RoboRunners elementary team placed 18th overall out of 175 elementary teams from around the world at the VEX World Championship, a huge accomplishment especially since this is the team’s first year together.
The competition was held April 20 through April 23 in Louisville, Kentucky. Teams had to create a robot capable of shooting or dumping balls past a barrier, climbing a ramp, and completing a series of other tasks.
“This is a student-led process,” says team mentor John Gilligan. “As a mentor, I help make sure things are moving along and provide some structure but it is up to the students themselves how well they do. This year we had an amazing and dedicated group that worked very hard and practiced a ton. They went beyond anything I had imagined, and I am truly amazed. They proved that if kids are willing to put in the work, anything is possible.”
During the competition season, thousands of teams competed in the Vex Challenge. To qualify for the World Championship, teams had to win at the regional level.
About 1,000 teams made it to the World Championships spanning elementary through university level and representing over 30 countries. “Our team had a chance to pair up with students from China, India, Colombia, and more,” John says. “Watching the kids learn to communicate with people they do not share a language with was fun.”
This year, the competition was the largest yet with 1,075 teams competing and setting a Guinness World Record for the largest robotics competition. “It is really great that robotics has the level of support/interest that football and basketball had when I was young,” John says. “Before I got involved I would have never known that robotics could pack stadiums and leave standing room only! The scope of the event was mind-blowing. There was around a mile of team booths, competition fields, and industry space.”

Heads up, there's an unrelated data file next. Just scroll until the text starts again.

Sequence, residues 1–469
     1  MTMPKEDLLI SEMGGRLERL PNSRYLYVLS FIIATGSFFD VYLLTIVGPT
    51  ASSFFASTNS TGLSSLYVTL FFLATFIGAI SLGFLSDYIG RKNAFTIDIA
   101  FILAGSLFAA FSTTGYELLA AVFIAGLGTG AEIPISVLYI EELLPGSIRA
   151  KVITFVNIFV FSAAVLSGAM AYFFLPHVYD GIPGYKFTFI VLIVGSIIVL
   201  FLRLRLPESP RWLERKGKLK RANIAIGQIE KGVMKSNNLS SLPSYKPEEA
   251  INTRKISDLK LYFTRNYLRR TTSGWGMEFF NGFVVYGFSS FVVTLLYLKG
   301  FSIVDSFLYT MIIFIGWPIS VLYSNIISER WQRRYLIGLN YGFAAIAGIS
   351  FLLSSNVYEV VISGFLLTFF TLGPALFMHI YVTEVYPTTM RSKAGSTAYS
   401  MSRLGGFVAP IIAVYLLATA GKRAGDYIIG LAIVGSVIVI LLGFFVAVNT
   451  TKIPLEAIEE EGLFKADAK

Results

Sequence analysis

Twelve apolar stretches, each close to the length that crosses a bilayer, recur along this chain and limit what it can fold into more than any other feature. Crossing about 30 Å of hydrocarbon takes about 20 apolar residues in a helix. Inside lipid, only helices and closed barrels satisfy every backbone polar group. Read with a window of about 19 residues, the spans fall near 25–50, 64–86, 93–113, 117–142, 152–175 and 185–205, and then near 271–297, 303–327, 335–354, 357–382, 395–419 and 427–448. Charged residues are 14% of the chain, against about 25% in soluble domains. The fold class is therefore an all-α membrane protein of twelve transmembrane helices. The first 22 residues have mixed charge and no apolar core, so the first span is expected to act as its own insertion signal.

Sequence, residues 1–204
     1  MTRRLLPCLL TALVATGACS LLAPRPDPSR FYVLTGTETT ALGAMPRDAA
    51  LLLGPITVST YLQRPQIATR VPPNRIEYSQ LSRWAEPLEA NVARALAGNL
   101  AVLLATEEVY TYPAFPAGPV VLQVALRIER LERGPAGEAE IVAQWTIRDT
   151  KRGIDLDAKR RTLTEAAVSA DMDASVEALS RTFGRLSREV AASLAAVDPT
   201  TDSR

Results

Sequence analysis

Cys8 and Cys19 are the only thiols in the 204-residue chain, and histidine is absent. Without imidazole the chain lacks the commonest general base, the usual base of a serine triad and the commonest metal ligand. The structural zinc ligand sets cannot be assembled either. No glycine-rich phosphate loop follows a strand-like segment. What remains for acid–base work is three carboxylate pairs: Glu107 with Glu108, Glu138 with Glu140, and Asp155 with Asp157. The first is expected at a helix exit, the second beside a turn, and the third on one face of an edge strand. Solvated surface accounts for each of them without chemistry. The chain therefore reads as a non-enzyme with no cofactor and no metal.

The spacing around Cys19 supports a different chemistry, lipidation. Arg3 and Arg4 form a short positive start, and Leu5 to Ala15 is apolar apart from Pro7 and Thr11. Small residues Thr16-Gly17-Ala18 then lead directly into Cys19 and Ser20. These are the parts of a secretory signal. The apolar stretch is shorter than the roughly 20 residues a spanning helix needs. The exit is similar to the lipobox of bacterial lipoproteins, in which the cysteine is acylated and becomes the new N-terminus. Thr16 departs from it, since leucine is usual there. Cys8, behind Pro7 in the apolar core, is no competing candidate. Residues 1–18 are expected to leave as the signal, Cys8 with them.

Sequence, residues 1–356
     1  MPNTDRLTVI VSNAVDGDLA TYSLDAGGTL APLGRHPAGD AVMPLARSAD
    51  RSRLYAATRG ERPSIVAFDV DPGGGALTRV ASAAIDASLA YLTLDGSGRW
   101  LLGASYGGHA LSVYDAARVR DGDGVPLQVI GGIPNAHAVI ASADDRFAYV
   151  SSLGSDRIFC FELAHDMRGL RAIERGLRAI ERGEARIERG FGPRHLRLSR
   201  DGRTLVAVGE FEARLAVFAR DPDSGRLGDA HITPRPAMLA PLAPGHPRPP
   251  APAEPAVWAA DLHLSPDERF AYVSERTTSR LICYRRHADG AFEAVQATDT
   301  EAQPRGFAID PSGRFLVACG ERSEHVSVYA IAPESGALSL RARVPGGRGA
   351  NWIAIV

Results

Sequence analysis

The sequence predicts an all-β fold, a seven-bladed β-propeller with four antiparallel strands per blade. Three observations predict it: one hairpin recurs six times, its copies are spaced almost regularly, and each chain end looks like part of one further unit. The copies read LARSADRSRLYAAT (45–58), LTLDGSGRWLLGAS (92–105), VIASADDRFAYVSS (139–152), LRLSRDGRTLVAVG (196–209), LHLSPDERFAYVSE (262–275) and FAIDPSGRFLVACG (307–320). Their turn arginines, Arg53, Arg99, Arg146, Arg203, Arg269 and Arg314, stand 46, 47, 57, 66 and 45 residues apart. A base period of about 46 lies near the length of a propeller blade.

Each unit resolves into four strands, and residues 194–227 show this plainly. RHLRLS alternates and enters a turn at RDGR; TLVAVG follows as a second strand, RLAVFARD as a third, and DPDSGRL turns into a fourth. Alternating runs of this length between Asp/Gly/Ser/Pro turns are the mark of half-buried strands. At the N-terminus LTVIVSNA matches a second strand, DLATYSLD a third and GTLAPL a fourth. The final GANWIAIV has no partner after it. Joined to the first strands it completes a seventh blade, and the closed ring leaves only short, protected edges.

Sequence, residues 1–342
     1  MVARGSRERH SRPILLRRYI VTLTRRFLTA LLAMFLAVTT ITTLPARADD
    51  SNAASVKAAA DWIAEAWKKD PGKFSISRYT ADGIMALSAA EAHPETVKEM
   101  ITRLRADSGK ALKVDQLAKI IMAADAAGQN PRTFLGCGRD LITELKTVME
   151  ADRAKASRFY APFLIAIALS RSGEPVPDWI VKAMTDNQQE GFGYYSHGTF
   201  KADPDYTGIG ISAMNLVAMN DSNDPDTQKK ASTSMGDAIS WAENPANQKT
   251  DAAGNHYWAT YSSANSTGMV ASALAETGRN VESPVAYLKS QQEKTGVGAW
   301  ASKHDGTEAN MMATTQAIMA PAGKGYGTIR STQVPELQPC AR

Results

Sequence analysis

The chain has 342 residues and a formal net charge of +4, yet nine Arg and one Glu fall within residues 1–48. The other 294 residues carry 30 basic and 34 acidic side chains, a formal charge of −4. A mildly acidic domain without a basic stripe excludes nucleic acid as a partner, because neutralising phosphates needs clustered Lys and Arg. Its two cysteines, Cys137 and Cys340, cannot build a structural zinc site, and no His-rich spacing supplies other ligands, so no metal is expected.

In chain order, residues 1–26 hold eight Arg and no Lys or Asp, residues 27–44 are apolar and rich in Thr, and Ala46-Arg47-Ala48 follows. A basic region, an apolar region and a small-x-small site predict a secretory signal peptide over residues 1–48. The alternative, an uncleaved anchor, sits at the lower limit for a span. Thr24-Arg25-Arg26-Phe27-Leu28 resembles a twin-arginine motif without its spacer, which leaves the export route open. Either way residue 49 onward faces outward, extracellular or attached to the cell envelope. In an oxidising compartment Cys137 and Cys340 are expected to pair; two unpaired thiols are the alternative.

The students also had opportunities to meet professionals from major companies and organizations including NASA, Northrop Grumman and Nissan, as well as meet students from around the world.
RoboRunners is currently forming Traverse City robotics teams for the 2016-2017 season. Teams will be made up of three to 10 students each and are open to all regional students who have the interest and commitment to compete with teams from around the state and world.
There are two age categories: second through fifth grade and sixth to eighth grade. These groups compete together and against one another at local competitions, but are separated at state competitions (and beyond).
For more information about the Traverse City robotics team RoboRunners, contact John Gilligan at firstname.lastname@example.org, or check the news section of the team website for upcoming meetings.
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